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Economics / Entrepreneurs / Fintech / Funding / Software

This Philly-area fintech company is growing like gangbusters, with a 50% staff increase expected this year

LoanStar Technologies offers an embedded lending platform that makes it possible for nonfinancial institutions to process loan applications.

LoanStar Technologies' team (Courtesy LoanStar Technologies)
Philadelphia isn’t exactly known for fintech, but the region does have some strength in the sector, including a Swarthmore company that’s one of the rising players in the fast-growing embedded lending scene.  

LoanStar Technologies, which offers a platform to make loan applications simpler and more available, has seen roughly 100% growth each year since starting in 2016, per the Philadelphia Business Journal.

The company acts as the middleman between credit unions and banks and what founder and CEO Andrew calls “merchants,” such as contractors, healthcare providers and retailers. Customers get easier access to money when they need it, and the company gets a percentage of funded loan amounts. 

“What’s unique about us is we sit on top of the technology that already exists at the banks and credit unions, but we make it easy to transact with them for non-finance professionals,” Turner told 

Embedded lending, which integrates lending services into other digital transactions is becoming more and more popular — if you’ve been offered the option to finance a purchase without leaving a shopping cart, you’ve seen it. By 2026, businesses and consumers are expected to spend $7 trillion annually via embedded finance, nearly triple the 2021 total of $2.6 trillion.  

These services make it easier for banks to offer loans and for nonfinancial businesses to make money off loans. For the customer, the services could present a risk of over-borrowing. Customer education and transparent terms can help mitigate this issue, according to credit card processor Stripe. 

LoanStar now facilitates over $1 billion in loans annually, Turner said, with 70 banks and credit unions using its services. 92% of loans on its platform lead to the bank or credit union involved getting a new customer, according to the CEO. 

Turner previously spent 15 years in the lending division of banking company FIS. He left to pursue his own idea for how banks and credit unions should be involved in loans. 

LoanStar’s model rests on a service-minded approach. The company currently offers programs specifically for veterans, vehicle accessibility, disaster relief and sustainability. 

“Our goal is to continue to innovate around banking products, and the channels that we service today,” Turner said. “Think of us as being able to position banking products without a retail banking branch or a digital presence of a bank.”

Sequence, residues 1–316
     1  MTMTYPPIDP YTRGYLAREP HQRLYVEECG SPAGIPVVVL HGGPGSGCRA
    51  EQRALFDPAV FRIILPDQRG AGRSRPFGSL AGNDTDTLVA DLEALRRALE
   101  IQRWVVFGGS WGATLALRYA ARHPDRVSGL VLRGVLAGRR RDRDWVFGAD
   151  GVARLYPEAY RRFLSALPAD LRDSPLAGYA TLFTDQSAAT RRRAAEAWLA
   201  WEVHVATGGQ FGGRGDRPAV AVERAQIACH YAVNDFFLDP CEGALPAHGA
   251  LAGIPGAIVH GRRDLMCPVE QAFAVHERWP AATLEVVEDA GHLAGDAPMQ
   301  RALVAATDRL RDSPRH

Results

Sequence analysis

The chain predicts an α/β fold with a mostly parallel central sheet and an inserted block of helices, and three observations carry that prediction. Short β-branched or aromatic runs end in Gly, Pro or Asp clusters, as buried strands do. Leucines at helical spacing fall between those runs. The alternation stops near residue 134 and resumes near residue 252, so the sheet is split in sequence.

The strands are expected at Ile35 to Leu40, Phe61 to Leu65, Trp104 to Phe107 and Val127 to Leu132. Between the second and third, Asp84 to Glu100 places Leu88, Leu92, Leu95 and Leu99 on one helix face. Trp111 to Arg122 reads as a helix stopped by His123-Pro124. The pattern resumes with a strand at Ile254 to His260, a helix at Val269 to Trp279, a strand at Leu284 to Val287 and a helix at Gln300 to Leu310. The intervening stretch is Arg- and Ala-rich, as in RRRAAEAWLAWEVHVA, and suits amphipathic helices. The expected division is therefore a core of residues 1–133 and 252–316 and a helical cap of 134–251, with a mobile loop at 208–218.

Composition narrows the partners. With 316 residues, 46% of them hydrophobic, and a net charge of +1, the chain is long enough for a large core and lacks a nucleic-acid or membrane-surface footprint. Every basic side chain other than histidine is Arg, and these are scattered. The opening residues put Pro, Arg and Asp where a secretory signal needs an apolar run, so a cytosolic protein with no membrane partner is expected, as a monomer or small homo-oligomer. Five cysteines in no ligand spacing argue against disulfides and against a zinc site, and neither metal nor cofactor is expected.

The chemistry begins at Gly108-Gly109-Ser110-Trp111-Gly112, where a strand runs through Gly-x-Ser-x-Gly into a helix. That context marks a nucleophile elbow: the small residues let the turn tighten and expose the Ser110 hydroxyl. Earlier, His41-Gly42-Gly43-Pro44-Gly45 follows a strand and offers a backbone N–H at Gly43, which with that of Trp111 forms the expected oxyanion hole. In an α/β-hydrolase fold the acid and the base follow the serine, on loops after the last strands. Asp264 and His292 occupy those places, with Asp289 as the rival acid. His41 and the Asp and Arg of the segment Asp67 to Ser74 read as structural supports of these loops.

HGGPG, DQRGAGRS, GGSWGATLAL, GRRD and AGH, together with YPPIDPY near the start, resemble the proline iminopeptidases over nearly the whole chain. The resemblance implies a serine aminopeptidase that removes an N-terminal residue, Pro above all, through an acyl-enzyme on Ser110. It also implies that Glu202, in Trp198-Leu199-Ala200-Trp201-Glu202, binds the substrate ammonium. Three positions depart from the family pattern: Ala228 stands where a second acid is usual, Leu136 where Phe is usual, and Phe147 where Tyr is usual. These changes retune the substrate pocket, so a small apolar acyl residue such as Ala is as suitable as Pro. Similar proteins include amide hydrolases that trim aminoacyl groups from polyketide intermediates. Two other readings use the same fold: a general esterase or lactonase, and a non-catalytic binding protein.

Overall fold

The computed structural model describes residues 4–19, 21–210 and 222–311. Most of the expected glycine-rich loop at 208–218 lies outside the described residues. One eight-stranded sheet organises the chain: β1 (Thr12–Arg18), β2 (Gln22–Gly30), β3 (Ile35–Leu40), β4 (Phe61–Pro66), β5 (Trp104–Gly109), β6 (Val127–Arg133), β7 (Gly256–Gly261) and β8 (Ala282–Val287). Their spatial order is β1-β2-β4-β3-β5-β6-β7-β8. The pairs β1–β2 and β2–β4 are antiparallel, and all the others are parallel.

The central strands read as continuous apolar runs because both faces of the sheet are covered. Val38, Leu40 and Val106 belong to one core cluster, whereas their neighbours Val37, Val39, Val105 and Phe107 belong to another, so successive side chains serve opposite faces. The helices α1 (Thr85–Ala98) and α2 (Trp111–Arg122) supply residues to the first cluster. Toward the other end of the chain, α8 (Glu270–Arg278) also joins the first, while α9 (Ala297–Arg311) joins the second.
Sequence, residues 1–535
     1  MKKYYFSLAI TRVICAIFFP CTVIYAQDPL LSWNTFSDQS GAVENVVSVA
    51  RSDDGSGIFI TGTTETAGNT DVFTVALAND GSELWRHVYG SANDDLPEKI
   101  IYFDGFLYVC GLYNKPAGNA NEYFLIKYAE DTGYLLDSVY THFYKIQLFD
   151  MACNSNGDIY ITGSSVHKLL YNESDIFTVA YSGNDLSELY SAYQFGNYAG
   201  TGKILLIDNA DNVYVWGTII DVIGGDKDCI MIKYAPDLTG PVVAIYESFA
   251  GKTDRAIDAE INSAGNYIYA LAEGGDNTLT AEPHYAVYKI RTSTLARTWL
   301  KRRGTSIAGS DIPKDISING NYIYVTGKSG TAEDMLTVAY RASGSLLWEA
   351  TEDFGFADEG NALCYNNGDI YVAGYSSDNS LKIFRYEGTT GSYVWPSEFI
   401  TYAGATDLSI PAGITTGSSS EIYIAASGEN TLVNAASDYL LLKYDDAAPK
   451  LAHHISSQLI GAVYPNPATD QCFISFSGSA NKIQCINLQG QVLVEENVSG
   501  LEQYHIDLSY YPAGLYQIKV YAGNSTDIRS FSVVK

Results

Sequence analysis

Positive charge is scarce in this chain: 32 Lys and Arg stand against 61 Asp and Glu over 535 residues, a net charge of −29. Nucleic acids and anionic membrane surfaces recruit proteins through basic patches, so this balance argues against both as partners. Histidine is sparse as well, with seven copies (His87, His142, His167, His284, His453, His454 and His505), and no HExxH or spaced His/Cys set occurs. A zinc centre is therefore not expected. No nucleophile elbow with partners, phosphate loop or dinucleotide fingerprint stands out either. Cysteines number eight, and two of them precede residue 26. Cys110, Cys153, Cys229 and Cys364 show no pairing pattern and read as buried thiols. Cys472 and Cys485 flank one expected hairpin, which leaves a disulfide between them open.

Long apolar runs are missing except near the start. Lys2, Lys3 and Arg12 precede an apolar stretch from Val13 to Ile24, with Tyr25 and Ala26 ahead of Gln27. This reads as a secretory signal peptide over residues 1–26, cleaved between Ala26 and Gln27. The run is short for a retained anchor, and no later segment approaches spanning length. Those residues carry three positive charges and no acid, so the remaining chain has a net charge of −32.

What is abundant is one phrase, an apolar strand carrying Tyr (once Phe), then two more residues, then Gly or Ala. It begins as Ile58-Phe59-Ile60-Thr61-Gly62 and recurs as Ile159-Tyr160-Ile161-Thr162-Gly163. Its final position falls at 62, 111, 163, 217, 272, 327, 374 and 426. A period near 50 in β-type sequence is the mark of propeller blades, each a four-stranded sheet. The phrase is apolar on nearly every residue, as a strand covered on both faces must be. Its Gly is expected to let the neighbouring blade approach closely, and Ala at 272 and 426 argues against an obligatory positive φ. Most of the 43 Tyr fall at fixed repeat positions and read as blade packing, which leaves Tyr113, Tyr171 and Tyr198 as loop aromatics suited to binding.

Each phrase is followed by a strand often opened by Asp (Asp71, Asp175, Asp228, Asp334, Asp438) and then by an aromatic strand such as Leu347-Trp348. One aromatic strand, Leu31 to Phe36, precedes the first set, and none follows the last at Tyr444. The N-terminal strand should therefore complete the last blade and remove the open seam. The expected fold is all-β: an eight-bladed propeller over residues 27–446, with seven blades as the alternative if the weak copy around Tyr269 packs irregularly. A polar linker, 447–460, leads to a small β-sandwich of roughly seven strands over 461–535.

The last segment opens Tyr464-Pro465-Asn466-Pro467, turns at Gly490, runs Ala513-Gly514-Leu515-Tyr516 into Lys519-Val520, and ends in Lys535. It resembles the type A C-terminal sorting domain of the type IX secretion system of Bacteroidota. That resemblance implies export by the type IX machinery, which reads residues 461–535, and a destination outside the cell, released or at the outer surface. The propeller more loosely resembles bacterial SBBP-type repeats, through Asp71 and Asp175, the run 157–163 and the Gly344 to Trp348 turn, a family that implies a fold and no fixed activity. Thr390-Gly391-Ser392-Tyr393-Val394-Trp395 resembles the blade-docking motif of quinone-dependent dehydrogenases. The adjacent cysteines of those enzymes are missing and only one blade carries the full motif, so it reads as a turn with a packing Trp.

A hiring spree to keep up with expansion

The Delaware County-headquartered company has also earned praise for its workplace culture.

Last year LoanStar made the Business Journal’s Best Places to Work, was a finalist for Ernst & Young’s Entrepreneur of the Year and was nominated for the Philadelphia Alliance for Capital and Technology (PACT) Enterprise Awards.

Though far from the top 10 regions for fintech, Philadelphia has seen growth in the sector since at least 2017, according to Ben Franklin Technology Partners, with stalwarts such as Vanguard, Susquehanna Bank and SEI Investments joined by startups like LoanStar. 

Last year the Philly metro area saw 47 venture capital deals and $265 million raised in fintech, according to PACT’s annual venture report. That’s a big year-over-year drop after a recent spike, but still much higher than pre-pandemic numbers.

Earlier this year, LoanStar closed a $27.85 million funding round. About $16 million will be used to buy out original investors and the rest will go towards company expansion, Turner told, including hiring more salespeople, operational people and product employees. The company’s current headcount is 48, but they hope to be at 76 by the end of the year. 

LoanStar started with the use case of home improvement professionals, allowing contractors to present links to loan applications to clients embedded with their project quotes, so people can apply without having to go to a physical bank branch. LoanStar can also embed its software into the contractor’s operating system so that loan information can be organized by project. 

Going forward, Turner said, the company would like to offer more banking products for consumers, such as credit insurance, to leverage opportunities where people are already interested in loans. 

Sarah Huffman is a 2022-2024 corps member for Report for America, an initiative of The Groundtruth Project that pairs young journalists with local newsrooms. This position is supported by the Lenfest Institute for Journalism.

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